“The course is about design for the public good and helping students hone their skills on both qualitative and quantitative methods for understanding stakeholder needs and getting community feedback on possible solutions,” said Agogino, who serves as chair of the Graduate Group in Development Engineering and the Blum Center’s education director. “Students learn to value the complexities of government, the people it serves, and other stakeholders. They learn that as with any organization, there is a difference between formal power and informal power.”
Added Dzombak: “The class challenges students to think through the root cause of problems, the systems in which problems exist, and to understand potential consequences of interventions. Students are learning to navigate ambiguity using a human-centered process and gaining critical knowledge about politics and governance, which is rare for an engineering course.”
During one four-hour class in March, Phillip and his affordable housing teammates—Surabhi Yadav, a master’s student in Development Practice, Ben Truong, an undergraduate cognitive science student, and Andre Balthazard, an undergraduate operations research and management sciences student—presented their findings on why affordable housing in Oakland has been inadequate and what they might devise for their client, the Strategic Urban Development Alliance (SUDA). The team, which has conducted over 60 interviews with Oakland residents and community stakeholders, argued that one of the key problems in Oakland real estate is the lack of involvement from residents on issues of equitable development.
To this point, Steve Blank quipped: “The joke about community meetings about real estate development is they’re filled with retired people and stakeholders.”
The team members nodded. Phillip pointed out that since 2010, the Bay Area has added 722,000 jobs but only 106,000 housing units.
Blank pressed the group: “Yes, but there are multiple housing crises. Which one are you solving for?”
In an interview after the class, Surabhi Yadav said her team is aiming to solve for longtime residents who feel they are at risk of eviction or their children will be unable to live nearby. Yadav noted that although many longtime residents do not have individual financial or political power, they could have collective power.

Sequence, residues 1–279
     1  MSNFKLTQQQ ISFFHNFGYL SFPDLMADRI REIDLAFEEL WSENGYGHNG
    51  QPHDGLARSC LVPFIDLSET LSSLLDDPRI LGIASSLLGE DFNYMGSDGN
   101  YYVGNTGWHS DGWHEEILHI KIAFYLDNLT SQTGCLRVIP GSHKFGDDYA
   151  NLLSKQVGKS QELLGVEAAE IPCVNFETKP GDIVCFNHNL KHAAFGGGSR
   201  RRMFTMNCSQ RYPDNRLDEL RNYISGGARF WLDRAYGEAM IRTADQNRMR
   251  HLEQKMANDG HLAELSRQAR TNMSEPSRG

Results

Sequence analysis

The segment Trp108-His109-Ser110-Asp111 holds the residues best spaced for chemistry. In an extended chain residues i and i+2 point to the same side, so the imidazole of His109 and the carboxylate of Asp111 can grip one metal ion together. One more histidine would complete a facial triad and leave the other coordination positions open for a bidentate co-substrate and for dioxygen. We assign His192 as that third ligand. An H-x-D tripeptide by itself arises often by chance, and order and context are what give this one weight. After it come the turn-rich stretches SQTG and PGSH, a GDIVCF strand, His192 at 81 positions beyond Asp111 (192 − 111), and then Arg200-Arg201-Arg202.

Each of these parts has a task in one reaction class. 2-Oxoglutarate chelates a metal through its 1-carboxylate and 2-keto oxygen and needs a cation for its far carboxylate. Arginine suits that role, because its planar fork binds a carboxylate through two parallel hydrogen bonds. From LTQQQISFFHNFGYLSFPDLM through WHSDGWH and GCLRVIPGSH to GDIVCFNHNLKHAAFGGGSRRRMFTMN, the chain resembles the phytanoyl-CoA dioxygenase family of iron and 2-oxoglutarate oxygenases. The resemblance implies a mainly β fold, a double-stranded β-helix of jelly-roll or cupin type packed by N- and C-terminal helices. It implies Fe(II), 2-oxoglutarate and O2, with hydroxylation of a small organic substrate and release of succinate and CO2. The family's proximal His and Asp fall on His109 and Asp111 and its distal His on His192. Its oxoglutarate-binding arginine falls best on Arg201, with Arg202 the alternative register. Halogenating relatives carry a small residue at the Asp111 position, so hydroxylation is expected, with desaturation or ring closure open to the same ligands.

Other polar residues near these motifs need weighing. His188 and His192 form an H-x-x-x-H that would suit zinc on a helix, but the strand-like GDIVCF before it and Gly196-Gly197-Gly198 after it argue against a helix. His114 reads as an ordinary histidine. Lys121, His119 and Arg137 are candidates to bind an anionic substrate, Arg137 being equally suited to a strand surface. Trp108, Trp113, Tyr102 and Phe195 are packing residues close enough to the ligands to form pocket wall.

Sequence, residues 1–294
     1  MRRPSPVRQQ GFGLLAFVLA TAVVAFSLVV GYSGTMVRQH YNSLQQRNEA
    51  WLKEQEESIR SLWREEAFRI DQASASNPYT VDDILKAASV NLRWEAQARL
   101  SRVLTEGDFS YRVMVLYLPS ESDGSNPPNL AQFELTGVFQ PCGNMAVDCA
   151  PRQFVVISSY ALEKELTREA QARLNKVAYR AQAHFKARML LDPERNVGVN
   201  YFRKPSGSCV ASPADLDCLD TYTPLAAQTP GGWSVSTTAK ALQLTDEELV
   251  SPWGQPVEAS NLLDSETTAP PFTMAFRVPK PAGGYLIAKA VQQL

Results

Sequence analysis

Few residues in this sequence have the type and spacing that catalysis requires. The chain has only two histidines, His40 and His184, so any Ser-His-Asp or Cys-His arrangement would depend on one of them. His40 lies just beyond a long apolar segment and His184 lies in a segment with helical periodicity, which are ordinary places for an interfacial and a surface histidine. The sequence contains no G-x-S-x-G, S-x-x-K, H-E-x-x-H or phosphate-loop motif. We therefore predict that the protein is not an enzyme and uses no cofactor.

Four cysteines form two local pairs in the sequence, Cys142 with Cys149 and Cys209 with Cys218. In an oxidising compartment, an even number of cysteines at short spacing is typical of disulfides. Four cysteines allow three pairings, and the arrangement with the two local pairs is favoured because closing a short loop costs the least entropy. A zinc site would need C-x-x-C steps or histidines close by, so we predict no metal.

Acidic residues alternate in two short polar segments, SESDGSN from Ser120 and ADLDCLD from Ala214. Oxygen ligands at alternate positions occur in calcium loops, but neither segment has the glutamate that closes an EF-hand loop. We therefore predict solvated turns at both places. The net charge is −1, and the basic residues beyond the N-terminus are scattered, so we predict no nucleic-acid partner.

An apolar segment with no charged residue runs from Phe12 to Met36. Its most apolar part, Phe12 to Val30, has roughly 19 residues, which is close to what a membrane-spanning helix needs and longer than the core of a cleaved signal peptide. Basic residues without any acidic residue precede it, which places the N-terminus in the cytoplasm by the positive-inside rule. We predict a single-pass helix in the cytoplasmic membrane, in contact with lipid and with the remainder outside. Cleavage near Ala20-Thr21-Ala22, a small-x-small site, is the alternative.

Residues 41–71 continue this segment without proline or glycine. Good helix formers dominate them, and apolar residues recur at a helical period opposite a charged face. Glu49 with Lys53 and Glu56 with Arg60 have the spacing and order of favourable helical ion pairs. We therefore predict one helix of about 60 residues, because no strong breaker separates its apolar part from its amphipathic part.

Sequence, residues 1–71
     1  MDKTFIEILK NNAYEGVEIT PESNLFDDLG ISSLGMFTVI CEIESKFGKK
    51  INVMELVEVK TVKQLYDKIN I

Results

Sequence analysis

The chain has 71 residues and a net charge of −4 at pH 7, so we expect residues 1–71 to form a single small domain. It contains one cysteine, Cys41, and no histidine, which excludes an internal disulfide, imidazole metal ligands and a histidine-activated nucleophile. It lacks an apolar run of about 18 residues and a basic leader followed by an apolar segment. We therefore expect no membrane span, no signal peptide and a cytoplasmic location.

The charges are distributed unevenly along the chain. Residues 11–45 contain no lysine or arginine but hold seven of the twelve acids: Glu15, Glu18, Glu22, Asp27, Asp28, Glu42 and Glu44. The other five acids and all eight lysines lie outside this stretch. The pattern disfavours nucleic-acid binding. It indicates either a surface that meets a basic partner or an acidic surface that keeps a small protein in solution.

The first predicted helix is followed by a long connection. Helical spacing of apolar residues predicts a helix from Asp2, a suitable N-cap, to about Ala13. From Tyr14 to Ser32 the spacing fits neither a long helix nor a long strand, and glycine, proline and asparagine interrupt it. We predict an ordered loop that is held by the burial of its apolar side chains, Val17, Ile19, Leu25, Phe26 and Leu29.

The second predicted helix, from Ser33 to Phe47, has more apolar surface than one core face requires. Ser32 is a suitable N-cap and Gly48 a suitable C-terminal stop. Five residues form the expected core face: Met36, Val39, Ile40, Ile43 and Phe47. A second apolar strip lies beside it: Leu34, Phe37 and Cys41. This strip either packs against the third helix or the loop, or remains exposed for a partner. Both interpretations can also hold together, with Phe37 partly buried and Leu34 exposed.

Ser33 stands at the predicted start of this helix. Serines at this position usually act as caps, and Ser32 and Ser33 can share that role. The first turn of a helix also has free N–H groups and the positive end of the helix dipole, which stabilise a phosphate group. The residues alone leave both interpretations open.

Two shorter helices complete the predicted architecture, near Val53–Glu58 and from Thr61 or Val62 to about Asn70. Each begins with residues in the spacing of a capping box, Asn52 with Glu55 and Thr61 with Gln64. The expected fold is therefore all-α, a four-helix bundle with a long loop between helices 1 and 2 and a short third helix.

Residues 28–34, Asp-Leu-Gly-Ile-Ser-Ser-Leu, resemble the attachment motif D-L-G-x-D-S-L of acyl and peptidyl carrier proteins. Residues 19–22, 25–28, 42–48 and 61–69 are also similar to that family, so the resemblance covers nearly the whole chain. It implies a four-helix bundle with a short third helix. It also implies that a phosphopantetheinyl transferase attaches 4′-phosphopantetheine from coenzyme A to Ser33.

“Unionizing power is time consuming to create,” noted Yadav. “Still, we’re questioning whether we can develop tools that will help Oakland residents harness their collective power. And we’re trying to figure out if we can help SUDA measure and develop what effective community development looks like.”
Yadav, who co-designed and co-taught a similar course for engineering students at the Indian Institute of Technology Delhi, said classes that involve multiple disciplines and hands-on learning are good at developing students’ professional skills in communication, teamwork, managing priorities, and navigating ambiguities.
“You have to learn how to take feedback in these kinds of courses and go with the flow,” explained Yadav. “It’s about structuring uncertainty, because the logistics and pedagogy and learning outcomes of the class are very different.”
Barbara Waugh, an executive in residence at Haas, Oakland resident, and guest lecturer for Hacking4Local, sees another strength of the course: higher team performance.
“Diverse teams under- or outperform homogeneous teams depending on whether they ignore or leverage their diversity,” she said. “Shared passion for a project can be a great lever and our Hacking4Local teams demonstrate both the passion and the higher performance that leveraging diversity offers.”